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Hellenes: Campaigns of the Peloponnesian War» Forums » Sessions

Subject: AAR from playtest of 431 Scenario rss

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Jeff K
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I realize that as of this post there is not a whole lot of information on this game, but I thought that a report from a playtest game might garner some more interest for this title. This game is really shaping up to be a gem. We are finding the gameplay to be quite addictive. Gameplay is fast and tense, not much sitting around here. Plus, scenarios look to range from a couple of hours to maybe 5-6 for the longest. However, even the longest scenario can end pretty quickly, as this one did. I think this game will follow in the grand tradition of relatively quick playing, fast-paced and extremely fun block games that we all know and love, without being "just another block game." There is enough flavor and "theme" to hook you.

For some background: the 431 scenario depicts the time period of the Archidamian war (431-422 BC). Persia did not really play a large part in this war. I would refer you to Craig's synopsis, posted elsewhere, for an overview of how the game runs. There have been some slight changes from that time, notably that there are now 5 campaigning seasons (with summer having two phases, early and late).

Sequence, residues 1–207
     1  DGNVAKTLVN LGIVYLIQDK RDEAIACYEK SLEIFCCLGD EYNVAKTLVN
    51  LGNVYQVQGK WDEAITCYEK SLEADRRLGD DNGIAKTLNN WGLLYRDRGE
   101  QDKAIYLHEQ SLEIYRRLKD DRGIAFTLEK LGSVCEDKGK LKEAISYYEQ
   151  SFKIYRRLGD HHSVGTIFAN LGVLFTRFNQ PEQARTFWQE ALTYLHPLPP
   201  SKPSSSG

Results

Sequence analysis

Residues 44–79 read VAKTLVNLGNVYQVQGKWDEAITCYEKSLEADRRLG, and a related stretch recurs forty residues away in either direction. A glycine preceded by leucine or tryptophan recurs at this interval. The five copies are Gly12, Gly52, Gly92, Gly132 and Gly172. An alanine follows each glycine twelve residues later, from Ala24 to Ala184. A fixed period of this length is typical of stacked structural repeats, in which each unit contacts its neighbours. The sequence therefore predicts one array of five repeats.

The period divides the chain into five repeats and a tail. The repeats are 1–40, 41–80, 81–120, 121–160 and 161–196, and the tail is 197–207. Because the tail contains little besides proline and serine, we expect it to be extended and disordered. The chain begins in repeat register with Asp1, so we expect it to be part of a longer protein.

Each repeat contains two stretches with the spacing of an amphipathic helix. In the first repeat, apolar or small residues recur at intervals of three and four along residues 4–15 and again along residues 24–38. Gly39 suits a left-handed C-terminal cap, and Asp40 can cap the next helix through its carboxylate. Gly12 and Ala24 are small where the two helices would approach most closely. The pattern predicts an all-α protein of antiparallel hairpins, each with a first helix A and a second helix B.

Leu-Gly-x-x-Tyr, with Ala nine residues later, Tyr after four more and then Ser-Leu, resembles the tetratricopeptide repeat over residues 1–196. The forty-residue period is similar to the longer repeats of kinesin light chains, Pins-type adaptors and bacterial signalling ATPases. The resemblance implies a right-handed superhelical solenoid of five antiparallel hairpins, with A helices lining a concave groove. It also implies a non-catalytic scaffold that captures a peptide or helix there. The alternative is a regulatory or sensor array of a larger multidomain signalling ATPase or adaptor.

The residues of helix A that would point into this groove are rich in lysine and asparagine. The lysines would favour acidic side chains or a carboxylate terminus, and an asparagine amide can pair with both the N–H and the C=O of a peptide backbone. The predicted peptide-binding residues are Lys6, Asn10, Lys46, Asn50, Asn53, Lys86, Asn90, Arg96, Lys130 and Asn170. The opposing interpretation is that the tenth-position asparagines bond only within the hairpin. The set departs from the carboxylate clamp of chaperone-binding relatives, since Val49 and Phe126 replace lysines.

This is a pretty dressed down version of events, just the facts. Hopefully, it will show how the game flows. One thing we have found is that the game is wonderfully fluid, not the static affair one might envision for this time period. This is mostly due to the multi-level play of having revolts and political-type events occurring against the backdrop of conflict. Note particularly how difficult siege combat is, even against a lowly garrison unit. Most assaults are repulsed, however waiting them out via attrition was effective (and much more so during winter). Prestige, the VP track, swings between the two contestants, with the level determining Decisive or Marginal victory. As of this writing, Decisive victory occurs automatically at 15 Prestige, while a marginal victory may be attempted at 10 Prestige (not automatic, succeeds on a die roll). Additionally, a draw can be had by playing a "peace" card at 5 Prestige and making a die roll.

Spartans: Jeff
Athens: Bruce

431:
Spring: Athens besieges Thebes and builds units, Sparta besieges Argos and builds.